John the elder also reserved to himself for the next 6 years: ‘All the Timber Trees Wood Underwood & brushwood (other then what shall be fitt requisite & necessary to be left standing for Wavers or Standers according to the Custome of the Country)’ in Great Wood End’.
In 1720 John and his son were involved in a lawsuit with Sir William Calverley, who had bought the lordship of the manor of Idle in 1714. It concerned the payment of manorial rents.
Sir Walter Calverley versus John Buck c.1720 
Bill and Answer and other legal papers in a dispute between Sir Walter Calverley and John Buck the elder and John Buck the younger concerning several rentcharges issuing out of Idle Mills which defendants admitted were formerly paid but claimed that part was payable by Swaine and Slater to whom part of the lands had been sold.
John Buck the elder admitted he owned the Water Corn Mill and a Fulling Mill, a messuage and other buildings, lands and tenements; but Thackley Ing and Half-hall Ing had been given by Lawrence Buck, grandfather of John Buck the elder, to his younger son William, who conveyed them to John Swain and Henry Slater.
About 7 years previously, the yearly value of the house, mill and lands was about £60; but since by ‘rebuilding & making an addicion thereto of a new Corn Mill & otherwise’ the value was about £80.
‘Ye old Mills did consist formerly of one pair of Millstones in ye Corn Mill only but one pair of stones then added to ye Corn Mill & two other stones were formerly added to ye said fulling Mill.’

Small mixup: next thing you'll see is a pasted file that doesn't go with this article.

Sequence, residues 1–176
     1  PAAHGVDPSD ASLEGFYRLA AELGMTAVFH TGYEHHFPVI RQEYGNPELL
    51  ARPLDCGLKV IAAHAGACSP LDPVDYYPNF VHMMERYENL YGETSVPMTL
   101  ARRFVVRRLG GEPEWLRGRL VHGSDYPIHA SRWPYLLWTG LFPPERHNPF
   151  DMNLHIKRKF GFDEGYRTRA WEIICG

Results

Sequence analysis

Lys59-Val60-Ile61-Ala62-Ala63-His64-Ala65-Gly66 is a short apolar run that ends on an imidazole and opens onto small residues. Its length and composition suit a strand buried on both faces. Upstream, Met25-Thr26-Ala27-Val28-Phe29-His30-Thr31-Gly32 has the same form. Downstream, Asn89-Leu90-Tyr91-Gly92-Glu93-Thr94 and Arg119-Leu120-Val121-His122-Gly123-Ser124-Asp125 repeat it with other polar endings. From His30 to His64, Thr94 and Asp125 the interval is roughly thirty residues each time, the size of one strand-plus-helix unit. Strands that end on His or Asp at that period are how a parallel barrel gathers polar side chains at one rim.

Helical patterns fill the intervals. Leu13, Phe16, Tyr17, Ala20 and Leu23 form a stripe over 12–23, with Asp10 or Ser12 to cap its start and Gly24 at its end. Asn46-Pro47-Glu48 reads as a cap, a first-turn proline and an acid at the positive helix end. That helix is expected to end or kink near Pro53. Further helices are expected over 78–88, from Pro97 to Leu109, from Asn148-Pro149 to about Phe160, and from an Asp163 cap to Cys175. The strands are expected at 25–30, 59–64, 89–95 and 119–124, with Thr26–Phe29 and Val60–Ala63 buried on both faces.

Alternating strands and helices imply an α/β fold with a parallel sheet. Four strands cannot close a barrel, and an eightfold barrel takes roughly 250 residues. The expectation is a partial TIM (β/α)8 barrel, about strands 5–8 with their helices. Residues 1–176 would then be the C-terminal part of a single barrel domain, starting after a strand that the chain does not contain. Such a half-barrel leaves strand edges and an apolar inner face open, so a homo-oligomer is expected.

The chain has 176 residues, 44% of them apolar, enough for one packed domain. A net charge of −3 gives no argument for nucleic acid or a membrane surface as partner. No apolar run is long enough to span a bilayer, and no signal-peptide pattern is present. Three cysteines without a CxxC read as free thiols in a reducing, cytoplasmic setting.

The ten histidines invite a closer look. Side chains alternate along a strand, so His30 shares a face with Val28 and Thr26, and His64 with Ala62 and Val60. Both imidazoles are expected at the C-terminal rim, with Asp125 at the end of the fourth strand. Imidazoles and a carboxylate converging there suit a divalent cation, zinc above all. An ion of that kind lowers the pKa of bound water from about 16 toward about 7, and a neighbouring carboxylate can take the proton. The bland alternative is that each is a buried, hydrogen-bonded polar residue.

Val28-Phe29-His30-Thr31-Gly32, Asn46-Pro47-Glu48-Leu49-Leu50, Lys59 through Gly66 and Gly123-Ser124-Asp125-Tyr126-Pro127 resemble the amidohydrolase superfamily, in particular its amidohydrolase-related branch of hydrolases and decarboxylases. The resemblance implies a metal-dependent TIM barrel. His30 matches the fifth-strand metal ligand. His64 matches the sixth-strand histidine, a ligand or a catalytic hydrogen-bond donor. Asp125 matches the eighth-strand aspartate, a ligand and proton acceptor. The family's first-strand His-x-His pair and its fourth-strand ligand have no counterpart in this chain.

John Buck the elder said his father John Buck, before his death in 1690, had settled the East Wood and cottage on his other son, David. John Buck the elder had purchased the property from David Buck before his death in 1700. 
John is beginning to let go of the reins in 1722.
Appointment of new trustees of the Sunderland Charities 23-24 Feb 1722 
And transfer of the properties from John Buck the elder and Henry Slater to Sir Walter Calverley, John Buck the younger and Thomas Slater.
[Original Lease and copy Release]
The Sunderlands were related by marriage to the Bucks.
The older John died in 1728. He would have been in his early 70s.
1728 11 18 John Buck of Idle Mill Yeoman
He was classed as a yeoman, a substantial farmer owning land. He saw his son rise to the rank of attorney and gentleman, from the Bucks’ 16th century origins as tenant millers.
 National Archives: A2A: WYL500/831
 Leeds Archives: WYL 500/288.
 Bradford Archives: DB 5/24/31 – Further Answers of John Buck, father and son. www.lhi.org.uk/projects. “A Breath of Fresh Aire”. 4.